The College fully intends and expects to implement the program as described. However, as we saw in 2008, a financial or economic crisis can seriously impact the College’s financial condition. An event like a sharp downturn in the financial markets has the potential to require significant budget actions, including disrupting the timing of these increases.

13. Why is the College making these changes?

The changes reflect Bowdoin’s commitment to remaining a leader in wages and benefits in a new reality of record low unemployment and increasing competition for excellent employees.

14. Why is the College announcing these increases now?

The plan to increase the starting wage has been formulated over the past several months as the College has conducted a regular review of its compensation program and considered the labor market locally and in Maine. In particular, this summer Bath Iron Works announced that they would be seeking to hire 1,000 new employees this coming year. The plan was reviewed by trustees during their campus meetings (October 17–19) and announced immediately thereafter at the start of the College’s annual budgeting process, since reductions will be necessary elsewhere in the budget to fund the wage increases.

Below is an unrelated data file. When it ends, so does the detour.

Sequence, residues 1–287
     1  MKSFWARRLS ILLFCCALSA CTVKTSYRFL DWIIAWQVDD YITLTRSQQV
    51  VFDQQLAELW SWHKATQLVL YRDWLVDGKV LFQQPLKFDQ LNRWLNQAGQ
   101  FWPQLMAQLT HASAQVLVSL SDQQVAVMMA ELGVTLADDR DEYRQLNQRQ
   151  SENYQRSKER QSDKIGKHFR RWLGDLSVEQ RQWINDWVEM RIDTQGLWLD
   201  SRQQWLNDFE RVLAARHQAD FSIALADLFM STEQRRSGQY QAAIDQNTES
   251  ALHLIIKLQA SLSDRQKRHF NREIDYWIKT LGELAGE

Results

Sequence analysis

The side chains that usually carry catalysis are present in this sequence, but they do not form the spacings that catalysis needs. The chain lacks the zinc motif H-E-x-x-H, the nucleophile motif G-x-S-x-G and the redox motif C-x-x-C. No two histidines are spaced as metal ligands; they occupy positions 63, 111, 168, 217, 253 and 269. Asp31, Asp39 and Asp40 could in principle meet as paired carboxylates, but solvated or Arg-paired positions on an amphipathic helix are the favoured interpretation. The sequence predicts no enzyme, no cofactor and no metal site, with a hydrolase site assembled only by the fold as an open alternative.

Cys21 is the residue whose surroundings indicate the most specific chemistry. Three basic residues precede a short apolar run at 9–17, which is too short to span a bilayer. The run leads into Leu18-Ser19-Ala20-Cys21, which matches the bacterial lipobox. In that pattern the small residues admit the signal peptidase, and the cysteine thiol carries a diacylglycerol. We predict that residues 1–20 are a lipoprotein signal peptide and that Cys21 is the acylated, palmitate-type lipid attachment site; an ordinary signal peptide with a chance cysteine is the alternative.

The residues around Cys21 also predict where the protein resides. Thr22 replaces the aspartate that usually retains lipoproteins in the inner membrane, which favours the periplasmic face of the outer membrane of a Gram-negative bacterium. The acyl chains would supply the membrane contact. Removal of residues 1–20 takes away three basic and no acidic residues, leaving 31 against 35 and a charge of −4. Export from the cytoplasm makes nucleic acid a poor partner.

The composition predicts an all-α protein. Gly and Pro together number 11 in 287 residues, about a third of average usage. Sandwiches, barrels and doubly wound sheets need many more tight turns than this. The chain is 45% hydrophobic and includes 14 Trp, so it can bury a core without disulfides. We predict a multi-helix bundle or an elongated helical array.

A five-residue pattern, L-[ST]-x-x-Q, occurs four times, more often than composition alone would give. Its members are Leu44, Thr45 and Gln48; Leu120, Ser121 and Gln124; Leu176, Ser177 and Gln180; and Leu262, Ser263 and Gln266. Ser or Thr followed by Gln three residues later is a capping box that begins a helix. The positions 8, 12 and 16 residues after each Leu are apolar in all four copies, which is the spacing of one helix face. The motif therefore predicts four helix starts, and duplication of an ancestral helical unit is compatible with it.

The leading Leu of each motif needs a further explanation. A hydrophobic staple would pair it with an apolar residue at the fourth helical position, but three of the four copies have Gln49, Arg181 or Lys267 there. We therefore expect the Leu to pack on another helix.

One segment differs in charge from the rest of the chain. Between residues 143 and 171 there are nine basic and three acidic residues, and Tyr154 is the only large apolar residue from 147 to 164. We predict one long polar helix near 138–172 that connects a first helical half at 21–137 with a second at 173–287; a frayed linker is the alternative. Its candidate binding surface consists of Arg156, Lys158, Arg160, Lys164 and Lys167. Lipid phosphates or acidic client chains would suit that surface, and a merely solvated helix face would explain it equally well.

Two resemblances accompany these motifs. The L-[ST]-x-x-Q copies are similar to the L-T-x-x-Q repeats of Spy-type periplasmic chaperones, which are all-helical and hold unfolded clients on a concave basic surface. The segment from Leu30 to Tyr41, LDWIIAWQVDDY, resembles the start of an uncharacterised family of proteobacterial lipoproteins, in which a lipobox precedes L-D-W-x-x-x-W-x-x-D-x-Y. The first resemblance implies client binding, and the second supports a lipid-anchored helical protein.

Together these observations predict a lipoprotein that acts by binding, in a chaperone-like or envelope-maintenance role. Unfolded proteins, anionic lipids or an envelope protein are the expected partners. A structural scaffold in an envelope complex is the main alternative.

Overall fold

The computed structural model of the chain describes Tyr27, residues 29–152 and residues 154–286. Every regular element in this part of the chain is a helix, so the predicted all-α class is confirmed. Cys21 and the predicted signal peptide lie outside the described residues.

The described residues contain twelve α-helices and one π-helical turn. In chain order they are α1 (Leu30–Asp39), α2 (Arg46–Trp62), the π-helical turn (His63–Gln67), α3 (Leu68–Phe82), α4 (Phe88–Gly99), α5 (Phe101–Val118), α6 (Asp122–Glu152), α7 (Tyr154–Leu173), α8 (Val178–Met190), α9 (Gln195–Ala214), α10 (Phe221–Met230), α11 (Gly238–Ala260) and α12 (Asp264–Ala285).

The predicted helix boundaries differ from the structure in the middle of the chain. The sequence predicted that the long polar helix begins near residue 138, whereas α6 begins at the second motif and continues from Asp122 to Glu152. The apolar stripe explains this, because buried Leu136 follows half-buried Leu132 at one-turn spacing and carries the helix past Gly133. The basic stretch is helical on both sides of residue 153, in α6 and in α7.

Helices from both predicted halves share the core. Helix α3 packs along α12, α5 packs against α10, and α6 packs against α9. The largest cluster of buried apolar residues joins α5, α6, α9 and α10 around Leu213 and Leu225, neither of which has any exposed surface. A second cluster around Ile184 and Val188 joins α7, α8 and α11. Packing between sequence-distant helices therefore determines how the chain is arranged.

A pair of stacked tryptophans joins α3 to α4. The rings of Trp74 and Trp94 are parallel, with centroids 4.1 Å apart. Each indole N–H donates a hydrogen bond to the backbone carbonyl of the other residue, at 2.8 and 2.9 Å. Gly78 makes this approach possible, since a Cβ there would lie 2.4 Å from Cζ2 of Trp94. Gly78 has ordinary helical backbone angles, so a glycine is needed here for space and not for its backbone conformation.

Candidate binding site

15. How does Bowdoin establish compensation for hourly staff?

We examine a range of information, including wage data for similar jobs at employers across southern and midcoast Maine and benefits data from businesses, hospitals, and other private educational institutions in Maine, including a number of other leading Maine organizations.

16. What are the benefits provided by the College to benefits-eligible hourly employees?

All hourly employees who regularly work at least twenty hours per week receive benefits, including:

  • retirement contributions by the College per pay period of 10.12 percent or 12.13 percent of wages (depending on the age of the employee) that do not require a match or any additional contribution by the employee (these funds are fully vested immediately, and employees are eligible for retirement benefits after one year of service);
  • an option to participate immediately upon being hired in one of three competitive health plans, with employee contributions based on income;
  • a dental plan and vision plan;
  • disability and life insurance paid by the College;
  • twelve paid holidays, plus paid time off for the days between Christmas and New Year’s Day;
  • two weeks of paid vacation that accrue in an employee’s first year and three weeks paid vacation that accrue beginning in year two;
  • twelve days of paid sick leave per year that can accrue up to sixty-five days; and
  • emergency paid sick leave for employees with a serious health condition who have exhausted their personal sick time.

Detailed information about the benefits Bowdoin College offers to its employees is available here.

17. Where do most of these hourly employees work?

Benefits-eligible hourly staff are employed across all divisions of the College. The majority work in either facilities or dining services.



October 21, 2019